It’s December, which means that we are in full Christmas swing. Have you been to the mall recently? Complete madness. I can barely handle it.
If you’re looking for a helpful list of Christmas gifties – you won’t find it here. At least not today. What I serve you today is a kind of cautionary tale, to temper your buying frenzy in the hopes that you take an extra moment to think them through.
Books are popular gift ideas this time of year. You only have to spend 5 minutes in your local book store (suddenly filled with people and line ups) to see it for yourself. But I’m here to warn you. Because while the idea of getting your entire shopping list done at one store is an exciting thought, books are an extremely personal gift, not to be taken lightly.
One book is not like another. A person that loved A Game of Thrones may not be as taken with the Lord of the Rings or vice versa. As we’ve seen, a fan of an author’s general body of work, or particular series, may not be equally taken with their newest release. You may think you know someone but I believe that you don’t really know a person until you are accurately able to select a book for them.
I give you this story.
I have liked to read since always. I think we’ve probably established that. My parents fed this love by always making books readily available to me. At Christmas my mom would carefully select those books that she thought I would love. But my mom and I like to read very different things. Especially as children. Where I was all about Anne of Green Gables my mom had been thrilled with The Chronicles of Narnia. There’s a picture of me reading The Prince and the Pauper when I was 9; my mom would have been more likely to be caught reading The Hobbit.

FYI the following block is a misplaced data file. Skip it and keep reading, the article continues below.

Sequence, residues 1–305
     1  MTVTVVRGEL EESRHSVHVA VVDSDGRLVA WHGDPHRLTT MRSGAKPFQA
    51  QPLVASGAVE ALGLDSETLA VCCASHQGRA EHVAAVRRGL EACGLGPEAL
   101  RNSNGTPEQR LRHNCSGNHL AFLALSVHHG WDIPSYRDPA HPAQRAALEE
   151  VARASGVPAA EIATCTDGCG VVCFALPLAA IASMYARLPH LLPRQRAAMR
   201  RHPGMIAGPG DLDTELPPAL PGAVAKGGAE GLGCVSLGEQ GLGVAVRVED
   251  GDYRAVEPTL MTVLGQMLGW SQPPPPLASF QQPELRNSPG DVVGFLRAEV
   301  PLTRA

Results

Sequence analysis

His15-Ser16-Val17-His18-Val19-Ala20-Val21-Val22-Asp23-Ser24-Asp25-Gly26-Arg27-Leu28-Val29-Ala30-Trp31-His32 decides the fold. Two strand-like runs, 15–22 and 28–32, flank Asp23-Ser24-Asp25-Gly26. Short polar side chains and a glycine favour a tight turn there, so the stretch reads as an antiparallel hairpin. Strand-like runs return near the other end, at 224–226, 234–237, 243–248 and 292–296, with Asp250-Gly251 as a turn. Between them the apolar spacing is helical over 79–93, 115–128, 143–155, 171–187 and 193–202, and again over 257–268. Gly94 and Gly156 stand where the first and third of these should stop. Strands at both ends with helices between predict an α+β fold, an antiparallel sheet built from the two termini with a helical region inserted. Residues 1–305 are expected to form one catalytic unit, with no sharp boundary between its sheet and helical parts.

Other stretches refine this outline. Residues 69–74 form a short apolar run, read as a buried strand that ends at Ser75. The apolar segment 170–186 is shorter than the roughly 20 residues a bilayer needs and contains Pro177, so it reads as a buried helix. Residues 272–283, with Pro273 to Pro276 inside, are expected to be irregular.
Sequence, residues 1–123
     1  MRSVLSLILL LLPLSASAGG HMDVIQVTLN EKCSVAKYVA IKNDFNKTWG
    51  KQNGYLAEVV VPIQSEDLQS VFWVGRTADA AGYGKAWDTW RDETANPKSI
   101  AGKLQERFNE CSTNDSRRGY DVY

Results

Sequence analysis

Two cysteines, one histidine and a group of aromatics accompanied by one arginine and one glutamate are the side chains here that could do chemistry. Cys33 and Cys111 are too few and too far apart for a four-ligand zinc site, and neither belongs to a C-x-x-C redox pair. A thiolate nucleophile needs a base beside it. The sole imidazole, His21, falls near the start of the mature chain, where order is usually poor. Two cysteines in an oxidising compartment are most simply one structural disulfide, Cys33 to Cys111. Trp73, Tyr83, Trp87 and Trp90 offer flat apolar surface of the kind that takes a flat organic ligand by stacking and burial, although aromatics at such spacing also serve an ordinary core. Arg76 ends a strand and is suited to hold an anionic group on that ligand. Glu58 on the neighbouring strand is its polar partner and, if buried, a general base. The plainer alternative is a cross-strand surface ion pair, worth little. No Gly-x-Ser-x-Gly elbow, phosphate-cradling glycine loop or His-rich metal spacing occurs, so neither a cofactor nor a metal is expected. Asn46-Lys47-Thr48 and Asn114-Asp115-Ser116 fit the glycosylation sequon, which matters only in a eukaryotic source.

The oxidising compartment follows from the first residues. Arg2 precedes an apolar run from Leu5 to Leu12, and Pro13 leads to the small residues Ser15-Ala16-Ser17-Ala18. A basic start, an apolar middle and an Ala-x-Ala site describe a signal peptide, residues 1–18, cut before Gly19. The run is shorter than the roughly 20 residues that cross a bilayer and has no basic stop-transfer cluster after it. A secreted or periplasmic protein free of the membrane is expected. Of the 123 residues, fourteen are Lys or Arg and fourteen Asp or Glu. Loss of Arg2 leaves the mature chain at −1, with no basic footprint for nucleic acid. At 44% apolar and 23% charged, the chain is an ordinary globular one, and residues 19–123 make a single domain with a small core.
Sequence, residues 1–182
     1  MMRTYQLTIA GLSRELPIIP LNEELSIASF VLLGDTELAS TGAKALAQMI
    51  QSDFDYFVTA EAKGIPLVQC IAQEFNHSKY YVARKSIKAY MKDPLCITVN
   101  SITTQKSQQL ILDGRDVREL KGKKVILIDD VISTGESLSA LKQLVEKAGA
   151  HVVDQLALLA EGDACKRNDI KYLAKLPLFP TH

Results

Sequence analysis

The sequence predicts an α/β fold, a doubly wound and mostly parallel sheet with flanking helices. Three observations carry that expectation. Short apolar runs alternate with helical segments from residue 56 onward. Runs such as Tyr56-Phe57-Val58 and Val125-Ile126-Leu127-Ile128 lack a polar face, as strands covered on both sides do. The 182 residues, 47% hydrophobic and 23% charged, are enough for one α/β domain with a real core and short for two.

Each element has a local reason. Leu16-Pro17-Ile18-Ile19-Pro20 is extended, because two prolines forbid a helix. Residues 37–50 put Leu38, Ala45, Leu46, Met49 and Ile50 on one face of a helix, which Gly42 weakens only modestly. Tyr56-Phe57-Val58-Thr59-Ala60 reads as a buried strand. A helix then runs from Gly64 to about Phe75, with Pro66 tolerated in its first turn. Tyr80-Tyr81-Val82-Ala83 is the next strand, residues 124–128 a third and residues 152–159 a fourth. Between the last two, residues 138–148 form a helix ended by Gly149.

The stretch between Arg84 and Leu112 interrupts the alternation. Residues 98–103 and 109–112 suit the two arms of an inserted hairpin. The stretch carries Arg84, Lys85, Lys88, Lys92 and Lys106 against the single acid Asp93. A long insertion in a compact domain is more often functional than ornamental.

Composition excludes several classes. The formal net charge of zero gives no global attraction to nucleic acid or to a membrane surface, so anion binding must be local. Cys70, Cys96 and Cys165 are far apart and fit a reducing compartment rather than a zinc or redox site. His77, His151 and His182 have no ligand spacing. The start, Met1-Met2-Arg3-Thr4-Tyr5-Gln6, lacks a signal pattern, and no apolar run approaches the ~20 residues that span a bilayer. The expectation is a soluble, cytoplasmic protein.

One of the pitfalls of being a voracious reader is that you try and force other people to read and love the same books that you do. And it doesn’t work like that. Books that speak to one person, do nothing for another.
Anyway, this one year, Christmas morning came and I eagerly unwrapped my book-shaped presents to find The Woman Who Rides Like A Man and Tree By Leaf. The former is the 3rd book in a fantasy series and the latter centres around a little girl who hears a voice telling her how to change her life. I still have the books on my shelves but I’ve never read them (sorry Mom).
My point here is that you really have to know a person well before you can choose a book for them. If you’re unsure about a book you’re thinking of buying someone, here’s my advice:
1. Make sure you get a gift receipt
2. Gift certificates to book stores, although not as personal, are always a welcome gift.
3. Ask for a list of 5 books from the person and then choose from among them. It’s still a surprise then, but you know they will enjoy it. Or, if they don’t, at least it was their choice, not yours.
Good luck out there people.
3 thoughts on “Books As Gifts”
I like to re-gift books, whether or not they were a perfect choice for me, I can usually find someone else to love and treasure them.
I’m terribly possessive of all my books- even the ones I didn’t love. It’s something I’m working on!
Pingback: For the Jane Austen Lover on Your List | The Paperback Princess